Moore’s Law provides the axiom that the number of transistors that can be placed on a circuit will double every two years, but as we reach for smaller and smaller tech, silicon and other transistor materials are reaching their physical limits. Lucky for Moore, a European research group has produced graphene of a size and quality that can be practically developed for eventual commercial use.
Graphene has been bandied about as a replacement semiconductor material for a while now, but until now, no one has been able to make a decent batch of the stuff that is both large and of sufficient quality — generally it’s been one or the other. At its core, it’s simply carbon arranged in a honeycomb-like layer just a single atom thick. But despite its thinness it’s very conductive and very strong, making it a great candidate material with which to build the next generation of smaller, more powerful electronics.
The researchers were able to create high-quality, high-quantity graphene epitaxially — by growing one crystal layer atop another. By this method, they were able to create a set of graphene layers about 50 square millimeters in area. With this (relatively) large sample, they were able to measure the electrical characteristics of graphene with greater precision than ever before, proving that it indeed has the physical potential to replace conventional semiconductors as the primary building block of future electronics.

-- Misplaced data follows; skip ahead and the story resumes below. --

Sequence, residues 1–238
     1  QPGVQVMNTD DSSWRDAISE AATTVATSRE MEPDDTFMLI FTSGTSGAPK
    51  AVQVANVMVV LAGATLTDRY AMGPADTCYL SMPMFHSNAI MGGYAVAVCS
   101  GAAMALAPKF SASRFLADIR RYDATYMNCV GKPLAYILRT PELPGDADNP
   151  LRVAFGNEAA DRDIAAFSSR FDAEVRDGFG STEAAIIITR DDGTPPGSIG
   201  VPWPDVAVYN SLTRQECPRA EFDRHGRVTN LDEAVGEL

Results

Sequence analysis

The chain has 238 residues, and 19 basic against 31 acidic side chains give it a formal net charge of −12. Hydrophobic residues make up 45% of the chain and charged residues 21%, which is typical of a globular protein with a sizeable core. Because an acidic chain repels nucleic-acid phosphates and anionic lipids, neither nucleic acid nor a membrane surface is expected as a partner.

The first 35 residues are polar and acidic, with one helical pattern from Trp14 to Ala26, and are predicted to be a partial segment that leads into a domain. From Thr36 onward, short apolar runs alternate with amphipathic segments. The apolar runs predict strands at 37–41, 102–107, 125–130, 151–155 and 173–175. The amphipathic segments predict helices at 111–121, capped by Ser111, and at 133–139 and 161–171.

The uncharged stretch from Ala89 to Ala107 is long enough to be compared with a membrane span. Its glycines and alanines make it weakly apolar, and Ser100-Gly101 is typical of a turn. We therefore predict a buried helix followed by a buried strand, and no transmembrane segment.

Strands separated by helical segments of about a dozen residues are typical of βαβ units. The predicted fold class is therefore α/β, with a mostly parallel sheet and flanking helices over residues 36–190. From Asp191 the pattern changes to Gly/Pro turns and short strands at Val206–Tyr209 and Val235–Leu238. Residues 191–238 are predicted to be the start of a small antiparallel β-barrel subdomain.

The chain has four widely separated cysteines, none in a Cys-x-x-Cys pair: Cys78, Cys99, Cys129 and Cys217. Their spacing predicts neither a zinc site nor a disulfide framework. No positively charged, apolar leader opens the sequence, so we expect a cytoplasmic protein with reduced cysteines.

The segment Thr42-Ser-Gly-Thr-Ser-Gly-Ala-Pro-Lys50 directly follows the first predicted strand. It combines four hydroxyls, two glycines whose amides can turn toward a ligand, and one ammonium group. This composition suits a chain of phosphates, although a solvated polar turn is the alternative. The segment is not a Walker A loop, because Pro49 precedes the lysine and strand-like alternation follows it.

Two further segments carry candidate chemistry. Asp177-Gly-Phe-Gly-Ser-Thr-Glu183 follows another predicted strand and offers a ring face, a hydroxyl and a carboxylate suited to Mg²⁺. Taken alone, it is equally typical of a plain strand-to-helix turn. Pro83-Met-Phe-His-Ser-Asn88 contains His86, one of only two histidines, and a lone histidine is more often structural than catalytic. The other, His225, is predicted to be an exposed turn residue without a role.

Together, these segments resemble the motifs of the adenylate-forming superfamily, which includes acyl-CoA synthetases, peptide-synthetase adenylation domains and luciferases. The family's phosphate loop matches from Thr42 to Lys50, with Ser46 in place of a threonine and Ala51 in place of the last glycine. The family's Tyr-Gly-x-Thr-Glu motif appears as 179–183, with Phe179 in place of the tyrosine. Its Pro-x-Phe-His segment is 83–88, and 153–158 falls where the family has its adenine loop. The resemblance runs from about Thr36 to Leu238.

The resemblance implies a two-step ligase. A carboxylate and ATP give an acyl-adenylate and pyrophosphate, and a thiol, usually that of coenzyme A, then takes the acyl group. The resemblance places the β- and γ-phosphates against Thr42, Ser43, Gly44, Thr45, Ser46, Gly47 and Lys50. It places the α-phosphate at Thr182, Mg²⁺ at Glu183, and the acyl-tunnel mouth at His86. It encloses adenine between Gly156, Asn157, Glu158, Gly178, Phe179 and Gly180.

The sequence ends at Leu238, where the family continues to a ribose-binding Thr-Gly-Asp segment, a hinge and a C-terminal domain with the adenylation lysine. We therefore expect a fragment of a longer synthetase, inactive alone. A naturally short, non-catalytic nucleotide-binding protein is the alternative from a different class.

Graphene won’t replace normal semiconductors overnight, but the creation of sizeable, high-quality graphene is a significant breakthrough in materials science. Transistors made of graphene should run at higher temps, at faster speeds, and in smaller packages than their semiconductor predecessors, meaning they could maintain the relevance of Moore’s Law for many years to come.